In twenty years, (think about how long that is), we failed to create anything that's won more loyalty from Afghans than the Taliban (think about how low that's setting the bar). That's pretty bad.
I find this article (partially) persuasive. The main thing is that in 2001, Al Qaeda was in the ascendency and an inspiration to many in the Islamic world. Terrorism and violent jihad are yesterday's news in much of these countries now. Going into Afghanistan and destroying the Al Qaeda sanctuary was an important part of that.
I find this article odd. First of all, the goals of this intervention changed over those twenty years, from a surgical route of Bin Laden and company to nation building to ‘not leaving’ b/c the US would look weak. Despite the Brookings Index, the central lesson here, as in Vietnam and Iraq, is that wars of intervention don’t work. That’s the central question that Iraq and Afghanistan put before the American people after neo-conservative strategies ended up in ruin. Political change results from a country’s internal political struggle not foreign intervention and a false, imposed ‘democracy’. The first stated US goal, to destroy Bin Laden’s hornet’s nest, was won within one to three years in. Bin Laden himself was killed in 2o11. At the very least, the last ten years can’t be justified by the stats in an American think-tank report. To me, that intellectualizes the whole thing and misses the point of assessing American interventionism with clear eyes. Who knows? Had the US left Afghanistan to the Afghans 18 years ago, after Bin Laden’s gang was dispersed and the Taliban weakened, Afghanistan might have united and be far ahead of the Brookings assessment. Face it: Afghanistan is still divided, close to chaos, with the Taliban ascendent. Agnosticism really has no role here.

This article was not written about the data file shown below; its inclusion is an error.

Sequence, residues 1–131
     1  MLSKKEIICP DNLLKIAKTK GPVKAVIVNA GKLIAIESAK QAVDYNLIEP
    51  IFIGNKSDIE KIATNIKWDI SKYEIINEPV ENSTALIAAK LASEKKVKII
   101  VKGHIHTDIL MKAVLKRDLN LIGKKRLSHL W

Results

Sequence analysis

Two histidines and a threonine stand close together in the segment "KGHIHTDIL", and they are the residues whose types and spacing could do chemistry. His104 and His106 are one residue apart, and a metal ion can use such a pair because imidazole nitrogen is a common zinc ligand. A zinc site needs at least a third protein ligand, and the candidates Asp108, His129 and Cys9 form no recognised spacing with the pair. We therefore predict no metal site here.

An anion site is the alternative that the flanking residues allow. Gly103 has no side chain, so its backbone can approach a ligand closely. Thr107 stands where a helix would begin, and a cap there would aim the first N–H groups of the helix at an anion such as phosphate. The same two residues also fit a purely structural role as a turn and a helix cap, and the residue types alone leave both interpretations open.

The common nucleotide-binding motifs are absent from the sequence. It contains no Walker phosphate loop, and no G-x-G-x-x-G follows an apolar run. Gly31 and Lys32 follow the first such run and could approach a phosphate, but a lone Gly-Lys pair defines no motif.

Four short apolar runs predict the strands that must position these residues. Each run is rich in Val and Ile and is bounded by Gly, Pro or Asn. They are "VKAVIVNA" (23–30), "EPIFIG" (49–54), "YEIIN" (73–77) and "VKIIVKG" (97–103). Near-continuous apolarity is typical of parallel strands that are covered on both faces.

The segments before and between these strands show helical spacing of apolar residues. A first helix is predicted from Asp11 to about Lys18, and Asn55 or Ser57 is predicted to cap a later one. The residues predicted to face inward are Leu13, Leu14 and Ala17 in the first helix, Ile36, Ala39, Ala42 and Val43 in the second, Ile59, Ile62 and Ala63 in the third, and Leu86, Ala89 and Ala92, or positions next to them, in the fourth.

Good job Mr. Rauch, and Persuasion editors. This is exactly what I like about Persuasion: well reasoned, often heterodox opinions on important issues. Keep it up.
I could be wrong, but I think we might have had more success if not for the subsequent Iraq War. The war in Afghanistan had broad support from the international community and didn't unleash as much chaos. A narrowly targeted mission to get Bin Laden and decapitate the Taliban would've sent the message that harboring known terrorists is a regime ender.
Bush & Cheney tried to play that card with Iraq on very weak/bogus evidence. Instead it unleashed a Sunni v. Shia civil war which gave hope to jihadists throughout the region.